NEW YORK (NYTimes) - In many ways I’m sick of restaurants. Even so, on Tuesday I opened Augustine, my 14th in 36 years.
The first was the Odeon in 1980, which I opened as a bit of a lark, something to fill in the time while I decided on my future. I’m 65 and still deciding on my future. The only thing I’m sure of is, I don’t want to sound like 65.
Which is why I avoid saying what I believe: that restaurants were easier to build and a whole lot more fun in 1980 than they are today.
In 1980, health and safety laws weren’t as stringent as they are now, and neither was the law protecting employees from sexual harassment. The first time I heard of a customer having an allergy was in the mid-’80s (the staff started laughing), and food poisoning became a restaurant issue for me only in the ’90s. (Of course, it was an issue before then, but the complaints never reached me — possibly because those poisoned by eating at my restaurants died before they were able to reach the health department.)
Sex among the staff has also gone out the window. Well, not entirely. But as an owner, I’m legally bound to pour cold water on the idea the day someone new is hired. Seeing as I met my two wives in restaurants (not simultaneously), I often wonder if I’d met them in today’s climate, would I have been forced to steer clear of them? Had that been the case, they probably would have been far happier women today.
And if in 1975 I’d been discouraged from consorting with the opposite sex, I’d probably have left the restaurant profession for a more promiscuous one. Politics, perhaps. Either way, it’s difficult not to be anything but fully supportive of a system that protects employees from harassment. But, remembering what it was like to be in my 20s, I believe it’s also important not to throw out the baby with the bathwater.
One crucial change that’s hurt restaurants in Manhattan is the drastic rise in rents. During my first 30 years as a restaurateur, I expected to pay around 7 percent of my income on rent. Today, it’s at least 14 percent.
The worst effect of this increase is to discourage the more interesting restaurateurs — those young, vital and bursting with new ideas — from opening places in Manhattan. This is an incalculable loss to the life, in particular the creative life, of the city. It’s also why many of the most dynamic new restaurants (and certainly restaurateurs) are in Brooklyn and upstate. Why this has been allowed to happen I’m not sure, but it’s far from healthy.
Considering the intrusive role that landlords, lawyers and city officials now play in operating a restaurant, it’s a wonder that people still open them.
In my case, it’s partly to pay the bills but mostly a result of an urge to correct the mistakes I’ve made with previous restaurants. Despite their relative success, there isn’t one that doesn’t possess elements that make me wince every time I enter the space. A salad overdressed, a mirror poorly hung, a reviewer’s criticism I can never forget.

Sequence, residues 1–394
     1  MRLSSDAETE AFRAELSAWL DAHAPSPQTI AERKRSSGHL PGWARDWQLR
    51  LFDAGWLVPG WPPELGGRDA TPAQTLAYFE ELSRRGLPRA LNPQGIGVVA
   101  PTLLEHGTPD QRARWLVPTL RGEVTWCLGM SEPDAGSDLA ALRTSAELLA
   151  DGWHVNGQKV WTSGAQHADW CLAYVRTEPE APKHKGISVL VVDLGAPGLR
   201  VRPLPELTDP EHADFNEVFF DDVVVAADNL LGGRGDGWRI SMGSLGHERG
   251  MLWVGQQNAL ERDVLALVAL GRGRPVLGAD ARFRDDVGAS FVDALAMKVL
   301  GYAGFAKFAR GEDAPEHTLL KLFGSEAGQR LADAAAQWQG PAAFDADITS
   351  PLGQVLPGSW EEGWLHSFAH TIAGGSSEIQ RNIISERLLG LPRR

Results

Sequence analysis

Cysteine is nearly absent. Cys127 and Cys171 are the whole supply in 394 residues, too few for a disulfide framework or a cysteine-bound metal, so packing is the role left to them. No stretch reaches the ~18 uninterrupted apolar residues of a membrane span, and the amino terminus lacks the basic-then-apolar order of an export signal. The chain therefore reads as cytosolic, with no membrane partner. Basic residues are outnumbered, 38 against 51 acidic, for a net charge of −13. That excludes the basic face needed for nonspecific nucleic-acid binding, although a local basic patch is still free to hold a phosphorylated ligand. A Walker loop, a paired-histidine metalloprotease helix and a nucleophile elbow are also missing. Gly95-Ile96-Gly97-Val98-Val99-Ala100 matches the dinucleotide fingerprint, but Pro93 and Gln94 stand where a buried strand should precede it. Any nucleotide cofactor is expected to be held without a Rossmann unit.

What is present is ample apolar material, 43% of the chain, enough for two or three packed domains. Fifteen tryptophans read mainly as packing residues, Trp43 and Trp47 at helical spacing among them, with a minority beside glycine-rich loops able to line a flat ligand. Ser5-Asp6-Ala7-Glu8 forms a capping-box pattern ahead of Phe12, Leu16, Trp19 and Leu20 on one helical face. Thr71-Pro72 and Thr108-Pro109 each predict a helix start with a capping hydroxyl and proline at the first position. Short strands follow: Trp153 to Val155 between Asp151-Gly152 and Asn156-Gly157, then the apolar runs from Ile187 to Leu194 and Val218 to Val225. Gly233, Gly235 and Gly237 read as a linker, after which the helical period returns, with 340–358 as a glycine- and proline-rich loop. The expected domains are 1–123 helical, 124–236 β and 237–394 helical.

The only way I deal with this is to start this mad, and madly expensive, process all over again: finding a space, signing a lease and starting on what is usually a two- to three-year project.
It’s when a restaurant is under construction and untouched by the outside world — when its possibilities are infinite — that I’m most happy with it. I’m convinced that the restaurant, without a stove or table in place, will be a colossal success. The walls are still to be plastered, but confidence is so high that my only concern is writing an acceptance speech — one that’s appropriately modest — for the James Beard Award that, at this stage, seems inevitable. (I know a shoo-in when I see one.)
Eventually, after years of sawdust and scaffolding, the restaurant opens and the bloggers, critics and public arrive and have their say. It’s never what I want or expect, and within weeks of creating a masterpiece, I’m left scrambling to salvage the pieces. And the James Beard Award that was within touching distance a month earlier is now drifting out toward the Indian Ocean.
Reviews are almost always disappointing, even the good ones. But they’re the way of things, and one must accept them. And I do. Usually by praying for the reviewer to be pulverized by a hit-and-run driver who is possibly my cousin. Then I become more philosophical, and realize he doesn’t have to be my cousin.
It’s at this point that I vow never to open another restaurant. The rents are too high, the bureaucracy too overwhelming and the New York critics too severe. But months pass, and gradually I begin to have the semblance of an idea. An idea to build a restaurant that could, under the right guidance, be the most sublime restaurant imaginable.
Yes, I’ve said this before, but this time it’s different. This time it’s the real thing. I’m sure of it.